How to Make Sales Training Stick
Time alone can't be the answer to expertise, it also must be about the quality of the time you put in. A concept called deliberate practice. It has four components: set a goal, practice with focus, get feedback and assess your limits then repeat the cycle and practice what you've learned.
One of the key issues with nearly all sales training is that, it's event-driven rather than programmatic. In today's episode, I'm going to share a multi-tier program to drive learning that you can practice individually, in pairs or with your team.
Let’s talk about practice:
Pain, Goals, and Values (PGV)
Reflect on Feedbacks
Whether you are practicing by yourself, with your partner or even with your team, it is important to identify your client’s Pain, Goals and Value. Diving into your customers’ pain points – specifically, what they are and how you can position your services as a potential solution.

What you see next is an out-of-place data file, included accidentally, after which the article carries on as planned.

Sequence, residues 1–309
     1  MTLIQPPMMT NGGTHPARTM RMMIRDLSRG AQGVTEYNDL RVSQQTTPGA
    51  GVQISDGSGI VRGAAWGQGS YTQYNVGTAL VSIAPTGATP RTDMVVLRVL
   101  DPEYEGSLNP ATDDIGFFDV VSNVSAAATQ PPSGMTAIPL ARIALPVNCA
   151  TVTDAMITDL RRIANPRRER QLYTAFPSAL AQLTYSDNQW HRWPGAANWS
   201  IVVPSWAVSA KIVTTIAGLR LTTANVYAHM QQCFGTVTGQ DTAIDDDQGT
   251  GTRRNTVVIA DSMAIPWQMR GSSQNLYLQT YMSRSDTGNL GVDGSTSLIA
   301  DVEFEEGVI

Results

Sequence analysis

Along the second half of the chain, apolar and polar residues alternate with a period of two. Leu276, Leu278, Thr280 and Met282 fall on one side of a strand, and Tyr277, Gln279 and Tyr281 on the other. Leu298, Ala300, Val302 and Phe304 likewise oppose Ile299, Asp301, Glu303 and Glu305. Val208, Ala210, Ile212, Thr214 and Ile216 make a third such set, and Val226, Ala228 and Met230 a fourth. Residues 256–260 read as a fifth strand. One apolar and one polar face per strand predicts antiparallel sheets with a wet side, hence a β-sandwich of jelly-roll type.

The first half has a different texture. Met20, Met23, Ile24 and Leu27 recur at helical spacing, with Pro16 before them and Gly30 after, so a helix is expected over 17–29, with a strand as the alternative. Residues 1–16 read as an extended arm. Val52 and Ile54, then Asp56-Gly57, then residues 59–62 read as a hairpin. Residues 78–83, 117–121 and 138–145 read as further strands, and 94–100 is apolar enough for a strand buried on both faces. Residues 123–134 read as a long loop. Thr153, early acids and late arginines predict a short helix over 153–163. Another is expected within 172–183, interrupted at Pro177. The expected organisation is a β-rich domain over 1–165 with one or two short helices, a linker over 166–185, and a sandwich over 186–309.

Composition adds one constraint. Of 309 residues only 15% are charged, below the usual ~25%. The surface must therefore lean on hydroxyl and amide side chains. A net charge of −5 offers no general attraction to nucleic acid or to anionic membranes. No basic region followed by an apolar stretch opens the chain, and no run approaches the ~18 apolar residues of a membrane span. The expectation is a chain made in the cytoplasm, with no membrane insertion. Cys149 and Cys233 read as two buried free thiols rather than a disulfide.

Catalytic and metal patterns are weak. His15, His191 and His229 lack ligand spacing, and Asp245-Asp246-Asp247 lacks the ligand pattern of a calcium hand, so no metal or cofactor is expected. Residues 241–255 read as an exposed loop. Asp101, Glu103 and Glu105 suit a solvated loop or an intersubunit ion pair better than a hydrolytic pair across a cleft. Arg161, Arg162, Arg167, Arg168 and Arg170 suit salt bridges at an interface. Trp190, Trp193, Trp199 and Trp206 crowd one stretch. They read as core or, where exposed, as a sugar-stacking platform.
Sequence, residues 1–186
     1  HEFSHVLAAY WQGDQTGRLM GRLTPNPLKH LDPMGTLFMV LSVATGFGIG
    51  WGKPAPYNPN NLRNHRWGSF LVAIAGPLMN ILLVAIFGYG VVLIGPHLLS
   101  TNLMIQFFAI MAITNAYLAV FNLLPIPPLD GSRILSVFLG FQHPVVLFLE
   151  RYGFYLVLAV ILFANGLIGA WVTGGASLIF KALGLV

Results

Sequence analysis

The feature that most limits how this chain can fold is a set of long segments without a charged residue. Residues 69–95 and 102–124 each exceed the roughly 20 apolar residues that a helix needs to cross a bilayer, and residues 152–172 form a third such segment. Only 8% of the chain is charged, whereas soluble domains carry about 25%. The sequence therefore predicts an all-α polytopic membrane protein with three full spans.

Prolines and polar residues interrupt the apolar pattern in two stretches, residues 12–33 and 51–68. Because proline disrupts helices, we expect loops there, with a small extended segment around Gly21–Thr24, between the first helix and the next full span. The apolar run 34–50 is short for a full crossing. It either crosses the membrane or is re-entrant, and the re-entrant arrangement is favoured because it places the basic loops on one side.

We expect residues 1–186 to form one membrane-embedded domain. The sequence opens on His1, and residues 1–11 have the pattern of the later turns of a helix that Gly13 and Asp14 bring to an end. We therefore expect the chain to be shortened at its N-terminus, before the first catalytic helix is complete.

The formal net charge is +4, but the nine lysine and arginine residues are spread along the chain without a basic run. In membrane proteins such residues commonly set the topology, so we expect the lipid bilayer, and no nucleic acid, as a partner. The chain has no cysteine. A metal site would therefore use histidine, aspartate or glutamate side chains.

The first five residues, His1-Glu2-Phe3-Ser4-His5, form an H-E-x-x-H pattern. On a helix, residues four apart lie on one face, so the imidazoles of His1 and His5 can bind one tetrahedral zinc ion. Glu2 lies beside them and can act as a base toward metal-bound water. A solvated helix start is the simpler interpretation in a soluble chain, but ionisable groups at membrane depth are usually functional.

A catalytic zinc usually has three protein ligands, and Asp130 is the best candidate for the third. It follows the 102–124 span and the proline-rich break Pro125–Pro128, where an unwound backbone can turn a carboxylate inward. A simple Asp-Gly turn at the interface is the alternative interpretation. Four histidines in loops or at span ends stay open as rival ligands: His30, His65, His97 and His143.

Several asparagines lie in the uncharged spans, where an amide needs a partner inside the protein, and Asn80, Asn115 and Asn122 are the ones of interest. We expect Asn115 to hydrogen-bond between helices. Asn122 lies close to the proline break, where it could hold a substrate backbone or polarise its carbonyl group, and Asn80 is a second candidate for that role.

Anytime you receive a feedback, take your time to reflect on what went well, what didn't go well and what you would do differently next time. The goal of feedback is to guide better action steps moving forward.
By observing auditory, visual, and physical clues as well as the prospect’s words, you can truly begin to understand the plight of your prospect and put yourself in the buyer’s shoes. The mutual understanding that active listening enables is one of the best ways to earn and keep that trust throughout the sales process.
Learning is a method that must be continually strengthened. That's why you always evaluate your limitations and then exercise what you've learned again and again.
Mentioned in this episode:
The Sales Process You Need to Win Big Clients
Finding the Pain, and How Deep It Is
Establishing Goals With Your Client
Value Based Selling Done Right
Creating Winning Sales Proposals and Sales Presentations
Sales Account Planning For Complex Sales
Addressing Objections and Talking Money
Negotiating Price, Don't Negotiate Price
SDS Podcast Training Tools
How We Learn: The Surprising Truth About When, Where, and Why It Happens